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Stroke research, treatments get boost from grants to Chicago hospitals

MAYWOOD, Ill. – A new network dedicated to advancing research and therapies for stroke is forming in Chicago thanks to $2 million in grants from the National Institutes of Health (NIH).

The Chicago Stroke Trials Consortium is a partnership among Northwestern Medicine®, Ann & Robert H. Lurie Children’s Hospital of Chicago, John H. Stroger, Jr. Hospital, Loyola University Medical Center, Rehabilitation Institute of Chicago, Rush University Medical Center and University of Chicago Medicine that will build an infrastructure to support clinical trials for stroke prevention, treatment and recovery. Northwestern University will be the regional coordinating center for the consortium and administer the project over the next five years.

“The Chicago Stroke Trials Consortium brings together the city’s leading stroke experts and top medical centers in an integrated approach to improving treatment of stroke and reducing death and disability from the disease,” said Shyam Prabhakaran, MD, MS, the principal investigator for the consortium, who is a neurologist at Northwestern Memorial Hospital and associate professor of neurology at Northwestern University Feinberg School of Medicine. “The primary goal of the network is to rapidly develop, promote and execute high quality, multicenter clinical trials that will study interventions for prevention, treatment and recovery from stroke in both adult and pediatric patient populations."

The consortium is funded through the NIH’s National Institute of Neurological Disorders and Stroke (NINDS), which supports clinical research nationwide through a series of regional stroke networks. With an emphasis on patient recruitment and retention, the network will facilitate novel approaches to stroke care and accelerate the development of promising therapies.

Every 40 seconds someone in the United States has a stroke. Stroke is the fourth leading cause of death and No. 1 cause of adult disability, leaving more than two-thirds of survivors with lasting impairment. While the risk of having a stroke increases over the age of 55, a stroke can occur at any age.

“We are thrilled to be part of the stroke trial network, which will define the cutting edge of stroke research for the next five or 10 years,” said José Biller, MD, a stroke specialist and chair of Loyola University Medical Center’s Department of Neurology. “Our participation ensures that our patients will have access to the most important clinical trials in the field. We are especially pleased to establish close collaboration with our distinguished partners around the city. I expect the Chicago trial network will make a major contribution to the success of the national network."

Building on existing alliances and collaboration among top hospitals in Chicago, the consortium is made up of researchers and physicians from a variety of disciplines, including neurology, neurological surgery, neuroradiology, vascular surgery, emergency medicine, rehabilitation medicine and pediatric neurology.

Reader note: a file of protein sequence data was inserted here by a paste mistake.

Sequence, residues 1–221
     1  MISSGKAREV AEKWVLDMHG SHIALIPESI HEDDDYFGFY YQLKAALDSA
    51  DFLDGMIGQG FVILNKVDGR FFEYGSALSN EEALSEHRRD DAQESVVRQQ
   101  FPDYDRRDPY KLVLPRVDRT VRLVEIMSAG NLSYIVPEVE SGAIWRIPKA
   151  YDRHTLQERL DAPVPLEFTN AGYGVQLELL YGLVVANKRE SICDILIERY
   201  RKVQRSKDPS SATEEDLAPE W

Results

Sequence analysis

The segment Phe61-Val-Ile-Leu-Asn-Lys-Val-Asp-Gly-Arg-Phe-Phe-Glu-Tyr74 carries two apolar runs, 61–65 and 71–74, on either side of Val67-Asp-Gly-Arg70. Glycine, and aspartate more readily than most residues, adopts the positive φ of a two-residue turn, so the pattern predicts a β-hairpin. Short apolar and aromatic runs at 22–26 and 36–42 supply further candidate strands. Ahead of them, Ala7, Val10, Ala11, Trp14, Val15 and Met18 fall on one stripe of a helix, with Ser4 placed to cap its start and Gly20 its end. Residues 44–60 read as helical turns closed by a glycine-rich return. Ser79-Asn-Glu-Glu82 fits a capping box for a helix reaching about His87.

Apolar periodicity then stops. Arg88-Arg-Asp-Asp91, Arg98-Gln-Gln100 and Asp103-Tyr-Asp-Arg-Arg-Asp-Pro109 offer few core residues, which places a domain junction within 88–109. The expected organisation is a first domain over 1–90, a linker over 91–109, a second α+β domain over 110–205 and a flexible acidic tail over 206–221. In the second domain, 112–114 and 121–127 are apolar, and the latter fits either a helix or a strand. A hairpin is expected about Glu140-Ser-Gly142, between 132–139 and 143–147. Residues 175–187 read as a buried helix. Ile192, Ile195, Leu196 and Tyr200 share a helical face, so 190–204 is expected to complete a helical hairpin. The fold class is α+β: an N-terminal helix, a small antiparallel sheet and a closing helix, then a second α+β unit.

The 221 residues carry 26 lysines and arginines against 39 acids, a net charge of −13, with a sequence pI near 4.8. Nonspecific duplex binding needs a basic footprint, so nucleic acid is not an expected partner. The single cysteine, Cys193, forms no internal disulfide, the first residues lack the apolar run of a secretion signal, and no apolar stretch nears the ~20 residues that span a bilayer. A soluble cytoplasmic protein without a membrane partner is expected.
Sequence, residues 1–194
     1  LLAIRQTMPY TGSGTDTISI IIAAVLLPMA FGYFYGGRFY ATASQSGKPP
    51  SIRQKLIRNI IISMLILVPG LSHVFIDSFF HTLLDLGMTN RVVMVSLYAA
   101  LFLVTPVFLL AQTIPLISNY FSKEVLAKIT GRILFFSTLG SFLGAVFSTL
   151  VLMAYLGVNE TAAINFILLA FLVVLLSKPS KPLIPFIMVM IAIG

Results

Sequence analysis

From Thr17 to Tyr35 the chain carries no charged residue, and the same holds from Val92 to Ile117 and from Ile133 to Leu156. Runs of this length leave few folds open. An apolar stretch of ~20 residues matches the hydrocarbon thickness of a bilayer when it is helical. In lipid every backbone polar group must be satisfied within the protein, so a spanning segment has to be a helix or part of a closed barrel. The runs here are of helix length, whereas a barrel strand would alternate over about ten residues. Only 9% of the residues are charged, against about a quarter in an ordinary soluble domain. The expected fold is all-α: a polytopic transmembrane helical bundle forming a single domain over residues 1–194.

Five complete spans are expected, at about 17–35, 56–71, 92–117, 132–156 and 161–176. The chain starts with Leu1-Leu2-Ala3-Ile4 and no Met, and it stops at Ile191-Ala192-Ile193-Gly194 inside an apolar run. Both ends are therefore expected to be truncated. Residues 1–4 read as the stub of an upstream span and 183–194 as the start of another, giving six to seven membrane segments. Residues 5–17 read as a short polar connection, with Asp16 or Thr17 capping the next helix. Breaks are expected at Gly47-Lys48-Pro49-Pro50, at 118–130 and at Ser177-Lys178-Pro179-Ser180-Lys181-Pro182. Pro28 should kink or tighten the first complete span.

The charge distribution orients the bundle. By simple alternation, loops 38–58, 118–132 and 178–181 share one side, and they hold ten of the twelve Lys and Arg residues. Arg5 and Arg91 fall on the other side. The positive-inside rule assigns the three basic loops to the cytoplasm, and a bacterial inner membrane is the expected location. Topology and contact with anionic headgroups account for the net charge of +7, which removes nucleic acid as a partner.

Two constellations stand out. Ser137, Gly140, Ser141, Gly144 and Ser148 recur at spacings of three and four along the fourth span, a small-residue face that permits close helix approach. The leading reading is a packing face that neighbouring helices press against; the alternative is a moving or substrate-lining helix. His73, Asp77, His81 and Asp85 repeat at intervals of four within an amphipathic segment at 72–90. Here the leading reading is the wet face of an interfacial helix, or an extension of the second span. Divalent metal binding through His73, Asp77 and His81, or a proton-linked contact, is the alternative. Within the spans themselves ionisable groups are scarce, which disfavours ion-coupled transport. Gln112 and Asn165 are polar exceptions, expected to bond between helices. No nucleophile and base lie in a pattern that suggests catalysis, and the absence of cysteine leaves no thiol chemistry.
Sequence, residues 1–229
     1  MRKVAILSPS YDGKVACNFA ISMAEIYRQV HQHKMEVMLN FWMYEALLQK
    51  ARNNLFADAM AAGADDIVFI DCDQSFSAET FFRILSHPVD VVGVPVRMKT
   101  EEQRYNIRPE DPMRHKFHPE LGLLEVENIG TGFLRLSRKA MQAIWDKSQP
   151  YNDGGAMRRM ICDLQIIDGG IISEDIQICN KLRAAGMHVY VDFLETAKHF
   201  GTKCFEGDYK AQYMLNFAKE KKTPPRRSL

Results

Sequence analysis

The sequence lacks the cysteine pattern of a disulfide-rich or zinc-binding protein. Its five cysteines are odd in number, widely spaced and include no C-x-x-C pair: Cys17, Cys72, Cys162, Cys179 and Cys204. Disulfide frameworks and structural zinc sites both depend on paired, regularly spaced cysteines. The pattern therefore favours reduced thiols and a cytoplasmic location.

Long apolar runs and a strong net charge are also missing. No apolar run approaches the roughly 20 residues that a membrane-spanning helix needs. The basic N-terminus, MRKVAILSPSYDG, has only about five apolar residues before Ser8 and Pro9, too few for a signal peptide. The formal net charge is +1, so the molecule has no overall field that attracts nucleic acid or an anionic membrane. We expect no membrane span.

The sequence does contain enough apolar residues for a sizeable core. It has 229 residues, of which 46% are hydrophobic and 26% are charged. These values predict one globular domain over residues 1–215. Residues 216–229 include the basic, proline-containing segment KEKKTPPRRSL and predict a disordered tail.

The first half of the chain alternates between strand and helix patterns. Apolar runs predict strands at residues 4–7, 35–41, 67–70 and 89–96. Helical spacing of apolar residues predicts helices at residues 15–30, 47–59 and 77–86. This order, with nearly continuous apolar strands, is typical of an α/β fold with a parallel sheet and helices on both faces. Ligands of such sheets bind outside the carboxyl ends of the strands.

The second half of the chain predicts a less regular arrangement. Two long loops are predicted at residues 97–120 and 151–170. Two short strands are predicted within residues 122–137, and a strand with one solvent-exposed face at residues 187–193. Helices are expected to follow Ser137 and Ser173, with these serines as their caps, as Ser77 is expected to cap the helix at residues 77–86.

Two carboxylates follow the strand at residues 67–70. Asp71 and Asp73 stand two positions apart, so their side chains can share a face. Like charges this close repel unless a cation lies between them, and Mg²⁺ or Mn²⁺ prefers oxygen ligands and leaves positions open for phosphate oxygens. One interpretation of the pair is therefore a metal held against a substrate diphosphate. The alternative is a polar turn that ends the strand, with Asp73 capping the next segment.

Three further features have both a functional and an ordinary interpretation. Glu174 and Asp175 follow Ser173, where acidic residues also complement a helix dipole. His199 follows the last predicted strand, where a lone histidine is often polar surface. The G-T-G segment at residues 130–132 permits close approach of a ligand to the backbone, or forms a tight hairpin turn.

Each participating medical center will have a primary investigator who will lead its consortium research efforts. Co-investigators for the study include: Richard Bernstein, MD (Northwestern Memorial); Mark S. Wainwright, MD, PhD (Lurie Children’s); José Biller, MD, and Sarkis Morales Vidal, MD (Loyola); Elliot Roth, MD (Rehabilitation Institute); James J. Conners, MD, MS (Rush); Michael Kelly, MD (Stroger); and James Brorson, MD (University of Chicago).

Loyola University Health System (LUHS) is a member of Trinity Health. Based in the western suburbs of Chicago, LUHS is a quaternary care system with a 61-acre main medical center campus, the 36-acre Gottlieb Memorial Hospital campus and more than 30 primary and specialty care facilities in Cook, Will and DuPage counties. The medical center campus is conveniently located in Maywood, 13 miles west of the Chicago Loop and 8 miles east of Oak Brook, Ill. The heart of the medical center campus is a 559-licensed-bed hospital that houses a Level 1 Trauma Center, a Burn Center and the Ronald McDonald® Children's Hospital of Loyola University Medical Center. Also on campus are the Cardinal Bernardin Cancer Center, Loyola Outpatient Center, Center for Heart & Vascular Medicine and Loyola Oral Health Center as well as the LUC Stritch School of Medicine, the LUC Marcella Niehoff School of Nursing and the Loyola Center for Fitness. Loyola's Gottlieb campus in Melrose Park includes the 255-licensed-bed community hospital, the Professional Office Building housing 150 private practice clinics, the Adult Day Care, the Gottlieb Center for Fitness, Loyola Center for Metabolic Surgery and Bariatric Care and the Loyola Cancer Care & Research at the Marjorie G. Weinberg Cancer Center at Melrose Park.

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Jim Ritter
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